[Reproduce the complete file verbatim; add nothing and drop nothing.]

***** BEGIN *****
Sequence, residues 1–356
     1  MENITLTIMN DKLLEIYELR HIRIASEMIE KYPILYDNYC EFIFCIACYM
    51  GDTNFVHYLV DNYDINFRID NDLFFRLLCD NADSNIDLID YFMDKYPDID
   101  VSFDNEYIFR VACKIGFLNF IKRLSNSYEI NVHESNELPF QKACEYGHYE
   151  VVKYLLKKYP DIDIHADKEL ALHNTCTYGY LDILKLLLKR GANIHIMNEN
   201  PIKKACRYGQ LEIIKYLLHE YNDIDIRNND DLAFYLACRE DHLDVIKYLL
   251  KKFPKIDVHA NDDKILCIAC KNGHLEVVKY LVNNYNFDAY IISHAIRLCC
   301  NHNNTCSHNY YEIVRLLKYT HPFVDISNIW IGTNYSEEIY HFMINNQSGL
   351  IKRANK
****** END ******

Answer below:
Sequence, residues 1–356
     1  MENITLTIMN DKLLEIYELR HIRIASEMIE KYPILYDNYC EFIFCIACYM
    51  GDTNFVHYLV DNYDINFRID NDLFFRLLCD NADSNIDLID YFMDKYPDID
   101  VSFDNEYIFR VACKIGFLNF IKRLSNSYEI NVHESNELPF QKACEYGHYE
   151  VVKYLLKKYP DIDIHADKEL ALHNTCTYGY LDILKLLLKR GANIHIMNEN
   201  PIKKACRYGQ LEIIKYLLHE YNDIDIRNND DLAFYLACRE DHLDVIKYLL
   251  KKFPKIDVHA NDDKILCIAC KNGHLEVVKY LVNNYNFDAY IISHAIRLCC
   301  NHNNTCSHNY YEIVRLLKYT HPFVDISNIW IGTNYSEEIY HFMINNQSGL
   351  IKRANK